York Theatre Royal’s TakeOver Festival has been bringing some exciting new work to the theatre’s studio venue, and Metal Rabbit’s Johnny Got His Gun is no exception. Amidst the awesome creative chaos of the festival, I managed to catch this powerful one-man show about loss of identity and the struggle to take hold of it again, adapted from the novel of the same name by Dalton Trumbo.

Johnny Got His Gun revolves around World War One soldier Joe Bonham (Kaffe Keating) and his return from the front line. During the conflict, a shell hit Joe and his comrades, killing and severely wounding many of them. Joe, however, survived, but at a cost: the loss of his arms and much of his face. He winds up being trapped in a hospital bed, and the play follows his inner conscience as he recounts the events of the fighting as well as his memories of the time before, including his frustrations with the surgeons and officers who surround him. He ultimately unravels the emotional torment experienced by many of the war’s abandoned soldiers, left powerless and alone in a world they believe has forgotten them.

Keating is superb as the energetic young man whose freedom has been taken away at the hands of the war, and strikingly evokes the torment and pain from Bradley Rand Smith’s exciting adaptation of the original novel. He bounds about the theatre’s studio space, getting the balance between love and hatred just right – showing the anguished and traumatised mindset of many of the war’s soldiers.

The set design, despite the fact that there isn’t one, is also superb, with the blank black canvas surrounding Joe further empowering his delivery of the dialogue. There’s also an awesome correlation between the light and sound in the piece, with fantastic imagery being generated on the cue of Joe’s lines. He takes us to the swirling rivers of Colorado and to the house of his girlfriend before the war, showing us his peace and compassion that has ultimately been taken away from him. He shows us this through his conveyance of the nightmares and flashbacks he experiences, going into detail about the dark and unforgiving times he fought through, and how they’ve affected him to this day. We can see, through the angry, sensitive delivery of the lines, the emotional torment of the character. This ultimately makes the production much more accessible, and allows the audience to grapple with the themes of the piece.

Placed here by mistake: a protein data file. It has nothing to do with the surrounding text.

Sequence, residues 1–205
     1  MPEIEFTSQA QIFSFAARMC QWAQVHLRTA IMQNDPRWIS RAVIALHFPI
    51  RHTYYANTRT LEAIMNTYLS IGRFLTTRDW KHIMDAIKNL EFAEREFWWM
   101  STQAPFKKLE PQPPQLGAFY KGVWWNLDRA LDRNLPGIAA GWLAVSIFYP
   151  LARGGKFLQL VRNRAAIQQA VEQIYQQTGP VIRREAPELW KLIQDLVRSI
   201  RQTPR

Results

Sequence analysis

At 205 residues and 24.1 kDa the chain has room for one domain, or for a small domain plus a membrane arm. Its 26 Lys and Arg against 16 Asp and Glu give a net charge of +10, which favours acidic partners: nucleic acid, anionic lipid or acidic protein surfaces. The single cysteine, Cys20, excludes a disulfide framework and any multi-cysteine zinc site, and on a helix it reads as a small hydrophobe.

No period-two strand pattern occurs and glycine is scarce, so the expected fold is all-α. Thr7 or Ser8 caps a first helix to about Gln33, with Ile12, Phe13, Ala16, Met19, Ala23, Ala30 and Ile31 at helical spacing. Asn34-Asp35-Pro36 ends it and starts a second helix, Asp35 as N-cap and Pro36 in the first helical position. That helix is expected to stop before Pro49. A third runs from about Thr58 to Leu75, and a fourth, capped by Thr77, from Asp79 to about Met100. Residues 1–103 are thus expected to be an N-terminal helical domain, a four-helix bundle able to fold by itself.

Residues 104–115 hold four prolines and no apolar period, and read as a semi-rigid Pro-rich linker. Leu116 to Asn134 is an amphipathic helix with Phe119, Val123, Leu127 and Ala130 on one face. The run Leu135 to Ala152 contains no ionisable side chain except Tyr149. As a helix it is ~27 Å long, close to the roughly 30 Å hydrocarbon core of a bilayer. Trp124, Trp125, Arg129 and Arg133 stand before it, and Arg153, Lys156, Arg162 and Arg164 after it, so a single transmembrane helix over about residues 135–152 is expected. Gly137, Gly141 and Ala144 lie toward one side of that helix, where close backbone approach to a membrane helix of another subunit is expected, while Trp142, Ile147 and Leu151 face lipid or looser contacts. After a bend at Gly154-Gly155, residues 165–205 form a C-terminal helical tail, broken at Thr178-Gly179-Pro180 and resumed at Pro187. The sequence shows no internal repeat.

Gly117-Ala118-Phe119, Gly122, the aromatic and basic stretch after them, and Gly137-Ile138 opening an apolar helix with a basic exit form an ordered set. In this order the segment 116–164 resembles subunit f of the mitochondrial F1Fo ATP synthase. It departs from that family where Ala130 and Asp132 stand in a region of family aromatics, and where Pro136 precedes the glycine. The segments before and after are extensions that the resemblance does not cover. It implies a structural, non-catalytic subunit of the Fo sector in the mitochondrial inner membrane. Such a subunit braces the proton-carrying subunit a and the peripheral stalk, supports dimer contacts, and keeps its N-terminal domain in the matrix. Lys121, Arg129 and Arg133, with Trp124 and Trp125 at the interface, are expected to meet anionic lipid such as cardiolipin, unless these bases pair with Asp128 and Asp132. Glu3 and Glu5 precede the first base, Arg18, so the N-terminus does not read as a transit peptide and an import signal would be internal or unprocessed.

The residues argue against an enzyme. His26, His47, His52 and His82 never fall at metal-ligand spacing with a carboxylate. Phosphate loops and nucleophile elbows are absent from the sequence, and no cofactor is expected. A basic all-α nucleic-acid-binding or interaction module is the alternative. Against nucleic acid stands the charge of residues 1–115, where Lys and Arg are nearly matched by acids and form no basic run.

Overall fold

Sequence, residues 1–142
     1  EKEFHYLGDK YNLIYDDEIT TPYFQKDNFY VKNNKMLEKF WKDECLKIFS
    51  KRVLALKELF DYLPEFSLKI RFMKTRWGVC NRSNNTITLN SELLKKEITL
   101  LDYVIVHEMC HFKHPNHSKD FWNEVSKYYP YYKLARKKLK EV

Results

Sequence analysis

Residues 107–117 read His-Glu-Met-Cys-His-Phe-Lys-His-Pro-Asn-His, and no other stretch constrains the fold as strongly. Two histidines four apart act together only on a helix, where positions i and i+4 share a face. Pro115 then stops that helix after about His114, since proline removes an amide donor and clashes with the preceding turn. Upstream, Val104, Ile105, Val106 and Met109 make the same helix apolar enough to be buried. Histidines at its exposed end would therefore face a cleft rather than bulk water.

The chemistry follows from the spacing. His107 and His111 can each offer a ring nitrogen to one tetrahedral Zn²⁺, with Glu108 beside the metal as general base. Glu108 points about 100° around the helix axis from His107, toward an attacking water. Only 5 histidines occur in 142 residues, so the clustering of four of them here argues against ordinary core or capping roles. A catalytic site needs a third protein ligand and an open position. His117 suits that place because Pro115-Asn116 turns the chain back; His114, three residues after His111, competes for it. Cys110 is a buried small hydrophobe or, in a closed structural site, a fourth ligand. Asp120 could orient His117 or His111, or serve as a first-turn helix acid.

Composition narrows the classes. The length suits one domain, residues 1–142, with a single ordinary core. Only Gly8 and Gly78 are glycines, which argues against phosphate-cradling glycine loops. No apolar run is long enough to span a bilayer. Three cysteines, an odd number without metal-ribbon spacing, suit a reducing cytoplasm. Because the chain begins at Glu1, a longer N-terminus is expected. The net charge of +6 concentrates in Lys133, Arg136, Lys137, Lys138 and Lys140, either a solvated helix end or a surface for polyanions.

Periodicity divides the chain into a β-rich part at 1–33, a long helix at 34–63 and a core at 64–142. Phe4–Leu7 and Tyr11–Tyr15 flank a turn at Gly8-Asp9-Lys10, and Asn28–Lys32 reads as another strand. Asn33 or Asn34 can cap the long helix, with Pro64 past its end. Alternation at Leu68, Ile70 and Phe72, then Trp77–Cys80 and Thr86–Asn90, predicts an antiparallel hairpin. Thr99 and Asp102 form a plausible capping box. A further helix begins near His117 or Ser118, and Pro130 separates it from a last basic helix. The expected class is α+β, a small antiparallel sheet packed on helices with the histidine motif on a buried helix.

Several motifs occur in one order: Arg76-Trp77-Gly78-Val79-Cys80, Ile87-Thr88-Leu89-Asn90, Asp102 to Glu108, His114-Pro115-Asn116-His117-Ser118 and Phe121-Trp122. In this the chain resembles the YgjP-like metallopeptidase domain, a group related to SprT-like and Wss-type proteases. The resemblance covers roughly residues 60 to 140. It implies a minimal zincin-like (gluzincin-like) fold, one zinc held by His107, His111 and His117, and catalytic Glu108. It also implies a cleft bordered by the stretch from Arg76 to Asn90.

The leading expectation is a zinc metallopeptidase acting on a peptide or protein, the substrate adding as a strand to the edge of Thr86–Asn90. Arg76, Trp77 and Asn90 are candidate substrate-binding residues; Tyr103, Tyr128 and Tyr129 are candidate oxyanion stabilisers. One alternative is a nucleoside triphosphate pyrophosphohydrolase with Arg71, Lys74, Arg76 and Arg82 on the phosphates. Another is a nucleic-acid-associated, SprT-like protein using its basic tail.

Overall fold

Johnny Got His Gun is a fantastic piece of theatre that clearly illustrates the torment and pain of those who fought in our war. It’s fitting that the production took place on Remembrance Day, as it beautifully stands as a tribute to those we must not forget.

Johnny Got His Gun played as part of TakeOver Festival at York Theatre Royal. For more information, see the York Theatre Royal website.